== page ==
KOLKATA (miningweekly.com) – With global resource majors showing tepid interest in Indian mineral exploration projects, the Mines Ministry is working on models including offers of financial incentives for foreign junior exploration companies to undertake such projects.
Government officials familiar with the framing of such models said that foreign junior exploration companies would be offered funding, including risk funds from the National Mineral Exploration Trust (NMET), if they floated joint ventures (JV) with Indian companies for specific mineral exploration projects in specific geographies.
The government reckons that, unlike global resource majors, which are more interested in following up exploration projects with own development and mining investments, junior explorers will be more amenable to undertake standalone exploration projects in collaboration with existing Indian mining companies.
In terms of tentative plans, overseas junior exploration companies will be required to float JVs with either Indian start-ups or existing mining companies. The foreign investor will have the option of majority control.
These JVs will then have the option to submit specific mineral exploration projects to the Mines Ministry seeking risk funding from NMET, government officials familiar with framing of the model say.
However, a section of the Ministry officials is wary over a few “fly in the ointment” provisions that are being considered for incorporation in such funding options.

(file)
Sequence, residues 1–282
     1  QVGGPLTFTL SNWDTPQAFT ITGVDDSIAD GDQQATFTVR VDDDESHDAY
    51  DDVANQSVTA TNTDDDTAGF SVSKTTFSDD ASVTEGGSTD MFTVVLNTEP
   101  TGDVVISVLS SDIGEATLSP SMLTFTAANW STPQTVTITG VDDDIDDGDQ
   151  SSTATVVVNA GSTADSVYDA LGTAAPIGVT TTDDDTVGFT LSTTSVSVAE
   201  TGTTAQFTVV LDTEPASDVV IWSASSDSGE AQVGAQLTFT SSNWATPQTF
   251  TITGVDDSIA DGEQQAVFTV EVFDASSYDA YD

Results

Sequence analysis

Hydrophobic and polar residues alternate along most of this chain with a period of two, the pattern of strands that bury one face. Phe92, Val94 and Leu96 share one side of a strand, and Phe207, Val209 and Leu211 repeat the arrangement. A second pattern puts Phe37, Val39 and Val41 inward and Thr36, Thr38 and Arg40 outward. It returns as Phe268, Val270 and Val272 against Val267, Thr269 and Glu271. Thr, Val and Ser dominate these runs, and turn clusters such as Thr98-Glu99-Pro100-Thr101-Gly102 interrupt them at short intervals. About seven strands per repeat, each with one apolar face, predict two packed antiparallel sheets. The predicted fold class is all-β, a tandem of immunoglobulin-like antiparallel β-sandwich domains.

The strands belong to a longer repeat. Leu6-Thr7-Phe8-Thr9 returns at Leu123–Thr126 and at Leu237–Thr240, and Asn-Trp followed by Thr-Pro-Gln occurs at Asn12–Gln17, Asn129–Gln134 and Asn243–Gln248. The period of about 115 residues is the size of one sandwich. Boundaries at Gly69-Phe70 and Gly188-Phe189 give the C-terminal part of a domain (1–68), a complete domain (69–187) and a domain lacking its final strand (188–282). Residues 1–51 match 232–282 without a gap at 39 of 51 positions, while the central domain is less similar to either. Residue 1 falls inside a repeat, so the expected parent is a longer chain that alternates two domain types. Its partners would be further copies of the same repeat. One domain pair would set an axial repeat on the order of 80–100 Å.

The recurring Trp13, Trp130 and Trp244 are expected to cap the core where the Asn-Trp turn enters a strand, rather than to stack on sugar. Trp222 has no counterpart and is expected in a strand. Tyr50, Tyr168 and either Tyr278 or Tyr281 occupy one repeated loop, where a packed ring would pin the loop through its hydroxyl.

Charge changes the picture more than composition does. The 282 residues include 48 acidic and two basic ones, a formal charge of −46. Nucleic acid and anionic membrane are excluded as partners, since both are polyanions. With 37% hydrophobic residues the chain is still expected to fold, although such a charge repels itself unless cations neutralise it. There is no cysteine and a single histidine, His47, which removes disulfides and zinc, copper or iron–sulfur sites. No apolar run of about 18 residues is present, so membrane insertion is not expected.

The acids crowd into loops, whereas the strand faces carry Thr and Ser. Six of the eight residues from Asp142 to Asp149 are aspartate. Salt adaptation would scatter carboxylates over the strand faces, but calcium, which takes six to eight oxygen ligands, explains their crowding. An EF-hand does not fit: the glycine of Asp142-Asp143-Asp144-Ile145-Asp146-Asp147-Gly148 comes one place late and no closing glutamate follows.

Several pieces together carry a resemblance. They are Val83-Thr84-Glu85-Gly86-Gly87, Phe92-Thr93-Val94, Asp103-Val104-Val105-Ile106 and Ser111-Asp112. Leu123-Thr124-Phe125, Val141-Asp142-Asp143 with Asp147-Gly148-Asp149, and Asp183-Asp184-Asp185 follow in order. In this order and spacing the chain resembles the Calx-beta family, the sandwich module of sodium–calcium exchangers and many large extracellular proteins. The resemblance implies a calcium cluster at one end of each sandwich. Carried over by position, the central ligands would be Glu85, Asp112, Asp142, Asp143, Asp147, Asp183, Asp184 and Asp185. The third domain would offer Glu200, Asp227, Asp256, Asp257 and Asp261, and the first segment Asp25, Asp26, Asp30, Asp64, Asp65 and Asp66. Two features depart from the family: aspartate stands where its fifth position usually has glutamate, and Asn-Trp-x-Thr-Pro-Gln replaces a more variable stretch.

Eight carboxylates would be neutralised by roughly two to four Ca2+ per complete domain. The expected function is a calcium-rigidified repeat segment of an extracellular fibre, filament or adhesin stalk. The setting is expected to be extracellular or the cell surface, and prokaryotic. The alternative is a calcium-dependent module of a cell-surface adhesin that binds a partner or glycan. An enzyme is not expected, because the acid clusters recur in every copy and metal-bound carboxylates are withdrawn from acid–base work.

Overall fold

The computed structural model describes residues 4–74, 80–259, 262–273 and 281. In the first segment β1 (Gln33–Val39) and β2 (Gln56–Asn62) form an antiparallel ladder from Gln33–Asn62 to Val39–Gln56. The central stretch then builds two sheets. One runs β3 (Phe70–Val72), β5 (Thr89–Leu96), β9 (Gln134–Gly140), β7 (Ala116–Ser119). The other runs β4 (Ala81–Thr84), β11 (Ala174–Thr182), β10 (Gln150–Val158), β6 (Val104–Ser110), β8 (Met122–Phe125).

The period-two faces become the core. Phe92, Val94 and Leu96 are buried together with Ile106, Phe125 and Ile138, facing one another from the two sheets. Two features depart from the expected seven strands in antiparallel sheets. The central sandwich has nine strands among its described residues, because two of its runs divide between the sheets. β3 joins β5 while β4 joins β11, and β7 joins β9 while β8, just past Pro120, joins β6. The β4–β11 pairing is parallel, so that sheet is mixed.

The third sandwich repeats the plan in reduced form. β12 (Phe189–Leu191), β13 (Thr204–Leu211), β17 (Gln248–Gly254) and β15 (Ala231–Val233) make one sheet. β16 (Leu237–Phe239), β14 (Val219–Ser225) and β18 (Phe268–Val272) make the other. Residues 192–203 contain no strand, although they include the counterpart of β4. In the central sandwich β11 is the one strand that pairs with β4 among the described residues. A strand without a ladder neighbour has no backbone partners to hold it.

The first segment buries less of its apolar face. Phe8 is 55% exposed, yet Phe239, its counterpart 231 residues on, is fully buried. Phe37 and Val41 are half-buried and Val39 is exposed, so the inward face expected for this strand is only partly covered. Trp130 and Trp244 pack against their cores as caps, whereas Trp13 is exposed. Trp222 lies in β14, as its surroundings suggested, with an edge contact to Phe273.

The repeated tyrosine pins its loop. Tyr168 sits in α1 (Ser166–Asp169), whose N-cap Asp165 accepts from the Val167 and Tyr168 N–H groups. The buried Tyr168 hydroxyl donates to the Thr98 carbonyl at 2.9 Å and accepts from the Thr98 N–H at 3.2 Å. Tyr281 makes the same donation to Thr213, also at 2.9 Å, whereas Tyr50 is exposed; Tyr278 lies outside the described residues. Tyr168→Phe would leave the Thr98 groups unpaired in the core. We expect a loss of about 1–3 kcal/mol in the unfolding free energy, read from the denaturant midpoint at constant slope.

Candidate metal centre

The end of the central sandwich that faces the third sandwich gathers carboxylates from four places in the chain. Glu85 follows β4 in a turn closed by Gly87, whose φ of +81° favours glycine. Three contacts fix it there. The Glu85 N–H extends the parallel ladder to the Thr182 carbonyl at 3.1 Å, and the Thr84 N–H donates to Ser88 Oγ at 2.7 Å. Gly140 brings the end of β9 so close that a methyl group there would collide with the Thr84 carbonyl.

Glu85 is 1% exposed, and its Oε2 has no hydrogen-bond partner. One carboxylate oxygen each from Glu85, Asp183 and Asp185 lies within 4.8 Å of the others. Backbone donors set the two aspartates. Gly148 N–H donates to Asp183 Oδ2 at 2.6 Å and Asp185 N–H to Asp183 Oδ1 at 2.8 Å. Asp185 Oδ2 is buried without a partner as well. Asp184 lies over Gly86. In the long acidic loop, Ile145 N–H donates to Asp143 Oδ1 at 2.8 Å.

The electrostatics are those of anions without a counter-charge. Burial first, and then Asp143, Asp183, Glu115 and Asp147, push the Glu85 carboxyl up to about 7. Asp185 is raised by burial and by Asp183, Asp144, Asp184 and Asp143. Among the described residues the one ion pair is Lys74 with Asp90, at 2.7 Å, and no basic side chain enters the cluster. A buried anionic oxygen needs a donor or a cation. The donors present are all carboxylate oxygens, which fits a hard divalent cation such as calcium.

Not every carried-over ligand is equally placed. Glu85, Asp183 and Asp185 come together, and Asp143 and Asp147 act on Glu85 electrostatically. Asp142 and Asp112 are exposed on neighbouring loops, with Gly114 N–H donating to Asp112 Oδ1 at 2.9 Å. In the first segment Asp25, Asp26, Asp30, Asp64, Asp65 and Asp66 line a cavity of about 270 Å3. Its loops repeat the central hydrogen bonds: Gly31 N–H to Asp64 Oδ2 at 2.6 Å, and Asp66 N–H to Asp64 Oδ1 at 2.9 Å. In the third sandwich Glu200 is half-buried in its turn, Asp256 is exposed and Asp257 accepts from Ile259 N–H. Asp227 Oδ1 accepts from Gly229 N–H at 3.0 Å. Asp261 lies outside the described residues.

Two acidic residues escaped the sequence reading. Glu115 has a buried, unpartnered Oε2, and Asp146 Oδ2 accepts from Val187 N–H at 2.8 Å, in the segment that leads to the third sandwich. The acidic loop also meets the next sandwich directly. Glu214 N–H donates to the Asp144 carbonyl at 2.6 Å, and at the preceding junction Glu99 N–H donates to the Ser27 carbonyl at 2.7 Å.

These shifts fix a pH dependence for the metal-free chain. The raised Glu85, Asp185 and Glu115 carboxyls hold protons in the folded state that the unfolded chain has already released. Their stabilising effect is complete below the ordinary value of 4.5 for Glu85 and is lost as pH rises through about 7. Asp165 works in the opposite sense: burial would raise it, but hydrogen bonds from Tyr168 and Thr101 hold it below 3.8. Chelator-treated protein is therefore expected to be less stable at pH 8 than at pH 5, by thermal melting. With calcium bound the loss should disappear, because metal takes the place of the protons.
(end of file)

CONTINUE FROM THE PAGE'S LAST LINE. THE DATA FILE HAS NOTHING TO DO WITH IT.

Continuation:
For example, a JV of a foreign junior exploration company will need to have exploration projects prepared by Indian government agencies to be eligible for funding through NMET.
It is believed by these officials that foreign exploration companies will bring in modern exploration technologies, and possibly even proprietary technology, for planned projects and that it was unlikely that these projects would be prepared by Indian government agencies, which might be unfamiliar with such technologies.
Yet again, another expected provision envisages that Indian mining companies will be eligible for exploration though JVs with overseas partners only within leasehold areas of their existing mines.
Officials counter-argue that this will severely limit exploration choices for foreign companies as it is possible that their investment priority will be exploration in greenfield geographies, as exploration of existing leasehold areas will limit fresh discovery possibilities.
The officials acknowledge that there are still several grey areas that need to be addressed, including the very structure of NMET before financial incentives for JVs with junior exploration companies can yield the desired results.
More so, considering the poor performance of fund utilisation from NMET, which with a corpus of Rs10-billion, has been able to release funds to only 62 projects since the fund was floated in 2015.
As per current norms, exploration expenses from NMET are released by the government only on completion of exploration projects. This provision is unlikely to find many takers since projects will still be starved of risk funding during the course of its implementation, although a section of the Ministry maintains that this is expected to be tweaked and liberalised once the new National Mineral Policy, currently in the works, is announced within the next two months.